Skip to content
    This content is selected and controlled by WebMD's editorial staff and is supported by Walgreens.

    To protect yourself from the flu and stop its spread, you need a flu vaccine. Learn what it is and when to get it to help keep your family well.

    The flu shot is a form of the vaccine that you get in your arm. Some years, you can get it as a nasal spray instead. Flu vaccines are made to target three or four types of flu viruses that are most likely to make you sick during the upcoming year.

    Who Should Get It?

    Almost everyone 6 months old and older should get a flu vaccine every year.

    Some people are more at risk of getting very sick from complications of the flu than others. These groups should be sure to get a flu shot each year:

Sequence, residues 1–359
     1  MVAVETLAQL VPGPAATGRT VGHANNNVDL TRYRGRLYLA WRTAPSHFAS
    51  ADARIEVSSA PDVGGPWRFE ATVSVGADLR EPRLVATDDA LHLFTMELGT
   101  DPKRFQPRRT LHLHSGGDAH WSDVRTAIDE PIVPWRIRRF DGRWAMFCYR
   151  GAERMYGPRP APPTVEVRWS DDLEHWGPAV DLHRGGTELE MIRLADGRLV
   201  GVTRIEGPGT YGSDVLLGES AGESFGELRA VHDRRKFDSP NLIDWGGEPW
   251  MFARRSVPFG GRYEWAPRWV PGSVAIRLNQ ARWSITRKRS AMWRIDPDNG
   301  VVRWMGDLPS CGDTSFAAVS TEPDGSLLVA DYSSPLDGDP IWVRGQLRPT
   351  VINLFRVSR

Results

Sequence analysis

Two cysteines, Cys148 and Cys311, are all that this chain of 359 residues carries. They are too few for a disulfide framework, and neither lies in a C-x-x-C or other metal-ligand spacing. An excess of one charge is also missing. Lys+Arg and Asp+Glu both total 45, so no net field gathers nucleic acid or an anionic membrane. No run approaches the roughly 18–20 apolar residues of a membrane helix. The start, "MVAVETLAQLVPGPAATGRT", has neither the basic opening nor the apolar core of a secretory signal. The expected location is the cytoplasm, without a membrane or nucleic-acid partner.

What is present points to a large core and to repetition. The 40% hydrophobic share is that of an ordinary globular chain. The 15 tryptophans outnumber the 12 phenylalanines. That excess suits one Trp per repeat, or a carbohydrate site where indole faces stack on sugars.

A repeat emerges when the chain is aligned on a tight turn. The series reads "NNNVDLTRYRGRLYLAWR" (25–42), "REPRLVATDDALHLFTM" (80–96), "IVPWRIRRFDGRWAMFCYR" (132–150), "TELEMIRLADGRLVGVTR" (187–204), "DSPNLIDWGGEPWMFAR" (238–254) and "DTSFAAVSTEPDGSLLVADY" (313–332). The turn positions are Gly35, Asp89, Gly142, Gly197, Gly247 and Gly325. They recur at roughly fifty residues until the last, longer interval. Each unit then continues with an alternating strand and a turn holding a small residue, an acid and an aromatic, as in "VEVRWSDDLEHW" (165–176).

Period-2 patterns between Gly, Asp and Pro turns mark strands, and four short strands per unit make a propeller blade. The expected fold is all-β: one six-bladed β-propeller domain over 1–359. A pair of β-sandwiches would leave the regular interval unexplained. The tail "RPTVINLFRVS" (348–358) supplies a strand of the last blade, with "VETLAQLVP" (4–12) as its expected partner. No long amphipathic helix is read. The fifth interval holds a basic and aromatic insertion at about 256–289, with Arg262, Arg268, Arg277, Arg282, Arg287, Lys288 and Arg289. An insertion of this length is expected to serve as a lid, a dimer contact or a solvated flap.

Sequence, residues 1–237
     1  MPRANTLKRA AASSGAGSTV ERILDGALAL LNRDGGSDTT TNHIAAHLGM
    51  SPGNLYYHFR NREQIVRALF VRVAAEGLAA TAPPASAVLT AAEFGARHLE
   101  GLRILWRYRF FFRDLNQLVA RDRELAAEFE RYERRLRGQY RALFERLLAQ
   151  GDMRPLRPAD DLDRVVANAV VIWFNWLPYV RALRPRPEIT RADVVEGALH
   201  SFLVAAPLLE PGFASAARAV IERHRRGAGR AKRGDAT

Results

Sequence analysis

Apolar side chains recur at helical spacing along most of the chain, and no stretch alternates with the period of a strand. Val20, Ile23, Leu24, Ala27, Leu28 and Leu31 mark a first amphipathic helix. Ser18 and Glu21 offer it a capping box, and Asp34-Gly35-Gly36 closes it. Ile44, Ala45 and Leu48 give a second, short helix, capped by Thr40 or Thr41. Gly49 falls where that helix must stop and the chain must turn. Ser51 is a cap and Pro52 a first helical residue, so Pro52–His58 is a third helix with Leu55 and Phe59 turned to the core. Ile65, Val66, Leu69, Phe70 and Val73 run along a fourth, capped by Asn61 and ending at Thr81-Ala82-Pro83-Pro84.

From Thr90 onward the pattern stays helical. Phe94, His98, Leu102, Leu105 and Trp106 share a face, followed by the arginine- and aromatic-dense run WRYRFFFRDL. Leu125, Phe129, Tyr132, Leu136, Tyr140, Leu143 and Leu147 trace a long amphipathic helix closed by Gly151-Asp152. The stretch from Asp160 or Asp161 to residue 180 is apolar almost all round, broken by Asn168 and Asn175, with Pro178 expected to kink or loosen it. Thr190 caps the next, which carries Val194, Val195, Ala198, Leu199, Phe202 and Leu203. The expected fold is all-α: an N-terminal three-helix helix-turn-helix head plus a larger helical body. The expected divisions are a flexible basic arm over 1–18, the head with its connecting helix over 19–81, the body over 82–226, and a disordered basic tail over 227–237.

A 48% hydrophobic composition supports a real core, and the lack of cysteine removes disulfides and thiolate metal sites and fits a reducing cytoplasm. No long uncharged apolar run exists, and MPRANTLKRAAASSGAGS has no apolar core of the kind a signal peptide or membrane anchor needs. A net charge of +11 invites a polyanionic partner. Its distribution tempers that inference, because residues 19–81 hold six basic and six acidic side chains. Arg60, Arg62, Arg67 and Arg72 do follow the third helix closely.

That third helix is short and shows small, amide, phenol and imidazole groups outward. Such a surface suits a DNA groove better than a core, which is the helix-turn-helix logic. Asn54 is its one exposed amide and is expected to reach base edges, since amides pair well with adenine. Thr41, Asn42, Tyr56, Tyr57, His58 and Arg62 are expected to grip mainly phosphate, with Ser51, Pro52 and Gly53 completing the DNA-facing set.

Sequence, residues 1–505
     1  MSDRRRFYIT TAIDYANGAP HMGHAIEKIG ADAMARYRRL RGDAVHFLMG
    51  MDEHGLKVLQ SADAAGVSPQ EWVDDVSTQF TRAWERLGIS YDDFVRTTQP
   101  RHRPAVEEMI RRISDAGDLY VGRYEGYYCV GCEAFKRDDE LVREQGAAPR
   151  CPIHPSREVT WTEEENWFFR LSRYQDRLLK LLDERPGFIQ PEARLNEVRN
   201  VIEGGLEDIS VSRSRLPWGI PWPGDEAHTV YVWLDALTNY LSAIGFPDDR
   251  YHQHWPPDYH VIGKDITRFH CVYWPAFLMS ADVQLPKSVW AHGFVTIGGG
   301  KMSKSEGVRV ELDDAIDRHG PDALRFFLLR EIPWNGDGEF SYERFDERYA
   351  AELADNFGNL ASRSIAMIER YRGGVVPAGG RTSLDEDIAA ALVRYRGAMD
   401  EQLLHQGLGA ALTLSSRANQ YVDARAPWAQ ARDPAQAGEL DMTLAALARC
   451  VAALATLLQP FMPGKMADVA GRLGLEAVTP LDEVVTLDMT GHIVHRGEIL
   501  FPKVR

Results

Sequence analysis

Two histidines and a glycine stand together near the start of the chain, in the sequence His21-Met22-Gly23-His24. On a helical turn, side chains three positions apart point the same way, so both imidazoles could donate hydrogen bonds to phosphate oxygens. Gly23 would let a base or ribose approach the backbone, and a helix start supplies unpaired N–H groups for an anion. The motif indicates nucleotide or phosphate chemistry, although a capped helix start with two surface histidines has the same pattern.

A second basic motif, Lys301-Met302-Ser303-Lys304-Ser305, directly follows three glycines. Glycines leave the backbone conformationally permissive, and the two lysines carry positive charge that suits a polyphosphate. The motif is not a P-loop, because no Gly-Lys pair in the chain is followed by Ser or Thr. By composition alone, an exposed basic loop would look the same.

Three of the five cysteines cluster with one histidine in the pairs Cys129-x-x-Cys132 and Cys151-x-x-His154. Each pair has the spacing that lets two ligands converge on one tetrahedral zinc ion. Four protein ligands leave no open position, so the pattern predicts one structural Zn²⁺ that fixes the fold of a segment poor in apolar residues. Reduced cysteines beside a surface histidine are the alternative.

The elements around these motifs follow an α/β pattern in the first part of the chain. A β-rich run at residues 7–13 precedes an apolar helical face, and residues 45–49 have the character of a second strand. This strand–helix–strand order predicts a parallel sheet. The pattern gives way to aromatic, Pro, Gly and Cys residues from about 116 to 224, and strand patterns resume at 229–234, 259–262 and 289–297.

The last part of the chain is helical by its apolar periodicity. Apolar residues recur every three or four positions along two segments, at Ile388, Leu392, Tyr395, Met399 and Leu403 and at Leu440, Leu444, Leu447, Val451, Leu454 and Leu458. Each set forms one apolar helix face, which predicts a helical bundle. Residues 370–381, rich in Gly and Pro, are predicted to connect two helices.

• Children, especially from 6 months to 5 years old
    • Pregnant women
    • Adults age 65 and older
    • People with health conditions
    • Those who live in nursing homes or other long-term care facilities
    • Certain groups of people, including Native Americans and Alaska Natives
    • Travelers and people living abroad

    The following people shouldn’t get a flu vaccine:

    • Children under 6 months old
    • People who are very allergic to the flu shot or any of its ingredients

    Talk to your doctor before you get the vaccine if you have any of these symptoms:

    • An allergy to eggs or any of the other ingredients in the vaccine
    • A history of Guillain-Barre syndrome
    • If you’re not feeling well

    When Should I Get It?

    As soon as it becomes available, by October, if possible. It’s best to get the vaccine before the flu season starts. But you can still get it in January or later.

    Cold or Flu?

    How to Treat Your Symptoms

    Learn More